Los Angeles' 2028 Olympic bid will get state financial support, Assembly leader says
The city of Los Angeles' bid to host the 2028 Olympics will receive financial support from the state, Assembly Speaker Anthony Rendon (D-Paramount) said in a letter to city officials Monday.
Rendon said he would work with Senate President Pro Tem Kevin de León (D-Los Angeles) and Gov. Jerry Brown to pass legislation providing state dollars to subsidize the effort if the city goes over budget.
"Securing the 2028 Games reflects a significant achievement," Rendon said in the letter to Mayor Eric Garcetti and City Council President Herb Wesson. "It will benefit the city and the entire state as we showcase the best of Los Angeles and California — with the whole world watching."
The new legislation, Rendon said, would mirror a bill passed last year that provided $250 million to support the city's bid for the 2024 Olympics in case of cost overruns. That legislation, however, only authorized the money for the 2024 summer games, so a different measure will have to be considered. Last year's bill passed with overwhelming backing of lawmakers.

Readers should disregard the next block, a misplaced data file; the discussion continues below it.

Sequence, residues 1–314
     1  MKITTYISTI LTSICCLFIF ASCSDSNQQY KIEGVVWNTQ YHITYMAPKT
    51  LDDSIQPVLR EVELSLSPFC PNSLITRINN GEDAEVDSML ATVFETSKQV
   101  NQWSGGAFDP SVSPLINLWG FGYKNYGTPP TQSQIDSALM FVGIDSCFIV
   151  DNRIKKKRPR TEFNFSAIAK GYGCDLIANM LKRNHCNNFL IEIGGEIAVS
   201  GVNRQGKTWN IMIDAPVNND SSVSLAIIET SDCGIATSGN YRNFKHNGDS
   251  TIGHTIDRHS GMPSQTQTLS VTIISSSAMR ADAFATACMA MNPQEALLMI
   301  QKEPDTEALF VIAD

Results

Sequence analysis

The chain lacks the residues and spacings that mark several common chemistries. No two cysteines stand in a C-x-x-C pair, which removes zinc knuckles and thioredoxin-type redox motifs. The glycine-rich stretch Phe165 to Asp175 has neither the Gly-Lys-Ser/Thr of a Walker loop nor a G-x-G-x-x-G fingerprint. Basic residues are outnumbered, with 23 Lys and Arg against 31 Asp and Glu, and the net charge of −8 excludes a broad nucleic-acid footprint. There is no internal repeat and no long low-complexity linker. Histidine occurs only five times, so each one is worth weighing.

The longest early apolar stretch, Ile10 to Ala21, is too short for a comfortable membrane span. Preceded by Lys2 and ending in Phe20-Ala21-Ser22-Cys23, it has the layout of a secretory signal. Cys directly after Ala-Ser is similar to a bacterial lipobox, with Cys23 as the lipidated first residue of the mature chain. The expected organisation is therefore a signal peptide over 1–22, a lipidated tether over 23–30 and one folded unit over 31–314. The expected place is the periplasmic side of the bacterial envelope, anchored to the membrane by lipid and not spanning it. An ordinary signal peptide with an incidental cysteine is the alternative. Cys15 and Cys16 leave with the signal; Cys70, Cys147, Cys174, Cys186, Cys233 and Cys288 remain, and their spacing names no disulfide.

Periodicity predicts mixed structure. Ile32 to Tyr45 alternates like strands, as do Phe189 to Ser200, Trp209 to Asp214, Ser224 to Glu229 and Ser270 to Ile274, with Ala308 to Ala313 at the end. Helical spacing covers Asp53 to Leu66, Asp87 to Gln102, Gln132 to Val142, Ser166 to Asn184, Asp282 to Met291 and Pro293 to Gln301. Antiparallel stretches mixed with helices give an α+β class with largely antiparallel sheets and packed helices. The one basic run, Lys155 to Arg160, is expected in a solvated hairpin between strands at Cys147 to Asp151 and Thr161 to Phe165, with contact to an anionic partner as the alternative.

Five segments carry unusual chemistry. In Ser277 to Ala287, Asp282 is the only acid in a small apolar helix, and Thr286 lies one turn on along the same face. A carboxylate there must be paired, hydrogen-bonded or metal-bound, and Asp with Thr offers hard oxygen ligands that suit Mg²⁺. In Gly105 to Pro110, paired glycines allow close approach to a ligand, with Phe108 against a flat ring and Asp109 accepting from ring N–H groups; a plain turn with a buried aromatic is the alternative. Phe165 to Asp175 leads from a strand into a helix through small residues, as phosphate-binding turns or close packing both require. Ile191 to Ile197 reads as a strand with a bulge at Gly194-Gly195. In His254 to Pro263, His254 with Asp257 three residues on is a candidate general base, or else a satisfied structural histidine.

Los Angeles City Council members debated state support at a hearing on the 2028 Olympics bid last week. City Councilman Paul Krekorian said the state should consider upping its contribution because of inflation.
"It occurs to me that as we're talking to the Legislature, perhaps we should discuss with them a similar increase because of the additional cost," Krekorian said.
A Rendon spokesman told The Times that the Assembly speaker hadn't decided on the amount of state support because supporters of Los Angeles' bid hadn't formally asked yet.
Brown also expressed support for the Olympics.
"We are pleased to be hosting in 2028 and look forward to working with them on the issue," Brown spokesman Gareth Lacy said.
The full City Council might vote on an agreement to host the games as soon as this week to meet deadlines set by the International Olympic Committee, even though the city doesn't have a final budget or independent evaluation of the spending plan.
Times staff writer Dakota Smith contributed to this report.